Filmmakers, audiences, popcorn and small towns, together at last. For me, those are the best kinds of film festivals. There’s something about the celebration of film that takes place in these out-of-the-way venues that’s magic. Whenever I can find a gem of a festival and connect with a community who loves film, I breathe it in and let the energy fill me with inspiration.
What better place to find inspiration than Utopia.
Meet Chris Haley, Co-Director of Utopia Film Festival, actor, singer, writer, historian, producer, director, and motivational speaker. He also happens to be the nephew of Roots author Alex Haley. I had the honor of meeting him at Annapolis Film Festival last year. See, this is yet one of the reasons we writers need to get out from behind our laptops. Fascinating people are everywhere, especially at film events.
Me being the ever-curious writer, I just had to crawl in Chris’ head to learn more about the 10-year-old Utopia Film Festival. Grab your popcorn and let’s talk film.
JVB: What originally drew you to the Utopia Film Festival (UFF)?
Chris Haley: My brother, Allen Haley, was a member of Greenbelt Access Television, which is the umbrella organization for the UFF. In 2005, [Greenbelt] decided they would expand their special events into a weekend film festival. That’s when I got involved as a filmmaker, and I had a movie showcased, called The Studio in the festival, which I wrote, directed and produced.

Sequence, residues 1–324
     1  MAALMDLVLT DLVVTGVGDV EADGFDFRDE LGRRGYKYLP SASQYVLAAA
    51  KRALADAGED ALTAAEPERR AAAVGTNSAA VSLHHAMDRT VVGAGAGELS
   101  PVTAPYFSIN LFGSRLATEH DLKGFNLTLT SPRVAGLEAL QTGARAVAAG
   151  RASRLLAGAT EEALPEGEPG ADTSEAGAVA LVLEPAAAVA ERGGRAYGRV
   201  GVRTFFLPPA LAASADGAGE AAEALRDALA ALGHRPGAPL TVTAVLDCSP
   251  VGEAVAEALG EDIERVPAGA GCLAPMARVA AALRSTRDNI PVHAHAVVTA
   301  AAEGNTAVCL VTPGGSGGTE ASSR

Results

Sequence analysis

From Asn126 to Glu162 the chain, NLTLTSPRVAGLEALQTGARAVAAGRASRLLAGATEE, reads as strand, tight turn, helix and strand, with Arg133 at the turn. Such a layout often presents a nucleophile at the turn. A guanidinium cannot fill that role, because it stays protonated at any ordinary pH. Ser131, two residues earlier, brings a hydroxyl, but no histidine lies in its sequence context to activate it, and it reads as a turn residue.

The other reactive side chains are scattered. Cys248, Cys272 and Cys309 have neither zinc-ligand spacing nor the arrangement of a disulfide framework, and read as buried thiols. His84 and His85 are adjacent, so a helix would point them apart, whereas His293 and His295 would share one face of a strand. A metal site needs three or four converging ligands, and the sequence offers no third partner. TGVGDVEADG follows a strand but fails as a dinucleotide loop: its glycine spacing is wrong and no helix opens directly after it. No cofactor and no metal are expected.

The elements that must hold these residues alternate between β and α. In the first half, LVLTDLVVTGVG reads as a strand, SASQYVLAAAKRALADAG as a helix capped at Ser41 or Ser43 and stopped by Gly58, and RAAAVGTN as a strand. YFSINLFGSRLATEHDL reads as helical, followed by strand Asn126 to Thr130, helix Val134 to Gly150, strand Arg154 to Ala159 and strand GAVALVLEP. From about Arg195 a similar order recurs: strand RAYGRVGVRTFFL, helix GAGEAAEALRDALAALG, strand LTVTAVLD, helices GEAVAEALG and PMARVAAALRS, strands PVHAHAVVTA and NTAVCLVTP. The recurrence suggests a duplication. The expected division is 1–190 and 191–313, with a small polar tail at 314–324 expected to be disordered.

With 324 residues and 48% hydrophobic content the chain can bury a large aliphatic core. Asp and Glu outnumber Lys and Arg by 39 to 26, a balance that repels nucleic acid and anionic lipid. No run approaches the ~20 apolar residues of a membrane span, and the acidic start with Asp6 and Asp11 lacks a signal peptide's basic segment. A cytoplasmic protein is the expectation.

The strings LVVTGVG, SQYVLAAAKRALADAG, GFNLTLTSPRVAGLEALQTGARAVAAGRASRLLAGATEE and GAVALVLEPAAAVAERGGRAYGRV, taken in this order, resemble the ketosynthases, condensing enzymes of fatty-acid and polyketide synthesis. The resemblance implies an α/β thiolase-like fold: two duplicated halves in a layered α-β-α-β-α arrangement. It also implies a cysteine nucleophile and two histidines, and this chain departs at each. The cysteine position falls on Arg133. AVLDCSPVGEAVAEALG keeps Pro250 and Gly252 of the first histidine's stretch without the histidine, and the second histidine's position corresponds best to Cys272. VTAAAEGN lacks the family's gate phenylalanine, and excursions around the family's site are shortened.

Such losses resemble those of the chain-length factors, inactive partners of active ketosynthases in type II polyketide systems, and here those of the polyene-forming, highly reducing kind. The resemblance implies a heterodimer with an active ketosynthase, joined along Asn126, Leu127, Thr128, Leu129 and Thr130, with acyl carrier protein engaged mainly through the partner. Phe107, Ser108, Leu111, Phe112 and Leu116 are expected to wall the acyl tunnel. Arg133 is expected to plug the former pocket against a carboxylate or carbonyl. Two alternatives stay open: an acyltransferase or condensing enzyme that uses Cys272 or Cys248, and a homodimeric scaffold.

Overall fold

The first year was a struggle for the festival. So when my brother told me all of the issues involved, I think at that point I was on four different boards, and felt I could talk with people involved on how boards work. Plus I was very thankful for having the opportunity of having my film shown. So I came in and started helping along with meetings for that second year – keeping minutes, organizing and helping guide people as to how we should handle it, and probably within about three meetings, I ended up being the one who became the director, and I remained the director from 2006 to 2011. And this year, because it’s the 10th anniversary, I really wanted to get involved again.